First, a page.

I loved THE WEDNESDAY WARS by Gary D. Schmidt, but only recently read the sequel (or companion book), OKAY FOR NOW. What I want to know is, what the heck was I waiting for?!
Here is the blurb from IndieBound:
As a fourteen-year-old who just moved to a new town, with no friends and a louse for an older brother, Doug Swieteck has all the stats stacked against him. So begins a coming-of-age masterwork full of equal parts comedy and tragedy from Newbery Honor winner Gary D. Schmidt. As Doug struggles to be more than the "skinny thug" that his teachers and the police think him to be, he finds an unlikely ally in Lil Spicer--a fiery young lady who "smelled like daisies would smell if they were growing in a big field under a clearing sky after a rain." In Lil, Doug finds the strength to endure an abusive father, the suspicions of a whole town, and the return of his oldest brother, forever scarred, from Vietnam. Together, they find a safe haven in the local library, inspiration in learning about the plates of John James Audubon's birds, and a hilarious adventure on a Broadway stage. In this stunning novel, Schmidt expertly weaves multiple themes of loss and recovery in a story teeming with distinctive, unusual characters and invaluable lessons about love, creativity, and survival.
How I know this book is great:
1. The protagonist. You can't help caring about him. So much voice, heart, strength, and vulnerability!
2. Everybody else in the book. Seriously. Schmidt's characters feel like real, three-dimensional people without ever feeling overwrought.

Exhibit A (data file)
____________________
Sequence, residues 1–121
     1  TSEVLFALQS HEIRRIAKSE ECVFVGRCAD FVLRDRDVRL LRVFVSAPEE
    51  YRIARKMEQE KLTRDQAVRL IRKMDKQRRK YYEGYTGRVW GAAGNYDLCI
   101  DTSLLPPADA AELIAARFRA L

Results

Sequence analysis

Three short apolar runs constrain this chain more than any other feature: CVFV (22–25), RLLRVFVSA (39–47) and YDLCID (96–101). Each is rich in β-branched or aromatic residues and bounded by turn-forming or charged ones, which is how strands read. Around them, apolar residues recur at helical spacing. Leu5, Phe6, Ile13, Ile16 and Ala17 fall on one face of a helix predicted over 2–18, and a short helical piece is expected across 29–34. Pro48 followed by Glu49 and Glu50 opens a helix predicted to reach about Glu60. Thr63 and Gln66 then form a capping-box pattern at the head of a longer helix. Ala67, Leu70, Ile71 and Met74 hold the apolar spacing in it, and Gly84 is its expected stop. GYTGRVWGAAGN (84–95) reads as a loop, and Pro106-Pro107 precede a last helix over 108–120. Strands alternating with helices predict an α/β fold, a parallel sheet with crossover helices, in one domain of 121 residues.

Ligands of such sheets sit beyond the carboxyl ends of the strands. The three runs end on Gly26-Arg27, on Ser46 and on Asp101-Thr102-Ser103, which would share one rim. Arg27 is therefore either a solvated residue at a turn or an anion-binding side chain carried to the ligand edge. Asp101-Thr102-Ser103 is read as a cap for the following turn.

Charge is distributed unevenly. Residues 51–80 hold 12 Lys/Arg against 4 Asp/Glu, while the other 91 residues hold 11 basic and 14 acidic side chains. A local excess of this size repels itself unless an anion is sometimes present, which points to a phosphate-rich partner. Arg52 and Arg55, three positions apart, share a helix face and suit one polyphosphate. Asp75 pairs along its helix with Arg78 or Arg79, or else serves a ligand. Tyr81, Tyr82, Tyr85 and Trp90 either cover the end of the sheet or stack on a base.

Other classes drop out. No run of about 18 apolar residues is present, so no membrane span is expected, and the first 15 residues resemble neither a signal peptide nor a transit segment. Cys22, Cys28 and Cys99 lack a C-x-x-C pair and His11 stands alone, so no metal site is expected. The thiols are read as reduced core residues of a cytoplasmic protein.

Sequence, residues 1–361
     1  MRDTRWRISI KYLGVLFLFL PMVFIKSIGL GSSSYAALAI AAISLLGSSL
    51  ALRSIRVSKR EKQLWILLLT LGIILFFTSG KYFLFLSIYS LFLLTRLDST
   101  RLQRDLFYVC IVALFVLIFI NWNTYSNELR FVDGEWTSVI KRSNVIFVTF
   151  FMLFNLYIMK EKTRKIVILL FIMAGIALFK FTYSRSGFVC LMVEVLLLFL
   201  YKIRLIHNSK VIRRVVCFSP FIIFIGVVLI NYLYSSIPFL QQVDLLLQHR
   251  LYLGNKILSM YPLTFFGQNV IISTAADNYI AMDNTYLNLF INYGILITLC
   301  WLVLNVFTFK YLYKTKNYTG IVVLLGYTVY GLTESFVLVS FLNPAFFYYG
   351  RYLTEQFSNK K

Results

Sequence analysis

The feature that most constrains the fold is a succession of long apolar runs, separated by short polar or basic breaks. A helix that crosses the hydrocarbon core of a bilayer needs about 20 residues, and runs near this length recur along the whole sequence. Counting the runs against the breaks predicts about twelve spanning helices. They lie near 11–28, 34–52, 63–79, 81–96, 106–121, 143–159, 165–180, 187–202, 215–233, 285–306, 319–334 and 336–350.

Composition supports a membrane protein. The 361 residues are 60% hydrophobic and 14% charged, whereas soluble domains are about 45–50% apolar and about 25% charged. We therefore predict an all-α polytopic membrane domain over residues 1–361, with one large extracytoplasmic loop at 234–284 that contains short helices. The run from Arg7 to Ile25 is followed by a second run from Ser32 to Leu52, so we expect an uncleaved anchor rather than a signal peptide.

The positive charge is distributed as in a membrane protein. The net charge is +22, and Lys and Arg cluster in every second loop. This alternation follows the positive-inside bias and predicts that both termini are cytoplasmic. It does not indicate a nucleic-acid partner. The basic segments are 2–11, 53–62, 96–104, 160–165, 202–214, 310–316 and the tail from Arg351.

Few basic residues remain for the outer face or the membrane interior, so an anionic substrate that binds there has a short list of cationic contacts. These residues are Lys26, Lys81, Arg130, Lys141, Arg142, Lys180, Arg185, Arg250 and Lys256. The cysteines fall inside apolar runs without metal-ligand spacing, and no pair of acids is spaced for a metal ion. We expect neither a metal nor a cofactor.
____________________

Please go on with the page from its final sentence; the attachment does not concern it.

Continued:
3. The scenes have shape. This is something I always strive for in my own work. Who doesn't, right? In OKAY FOR NOW, the scenes feel very natural but they're sculpted. For example, you can feel the scene breaks.
4. I love the way the lines build on each other. Lines get repeated, but it's not for lack of creativity. Sometimes it's for voice--and this book is bursting with voice. Sometimes a line grows in meaning with each use and a scene feels reinforced by the repeated line.
5. History is woven beautifully into the story.
6. The pacing. It's just right.
7. The rhythm of the sentences. I think rhythm matters so much in writing, whether it's in a picture book, a poem, or a novel.
8. The use of symbolism was impressive and lovely.
9. As I read, the words "masterfully crafted" kept floating into my mind. You know when agents or editors talk about wanting to know they're in good hands with storytellers? This is a perfect example of an author delivering a finely crafted work, and you just know you're in good hands right away. I do not mean the author draws attention to himself and his abilities, pulling you from the story dreamworld. He doesn't. But his skill level makes you feel secure as a reader.
10. I wish it had my name on the cover. :)
Have you read any of Gary D. Schmidt's books? When is the last time you loved a book so much you wished you'd written it?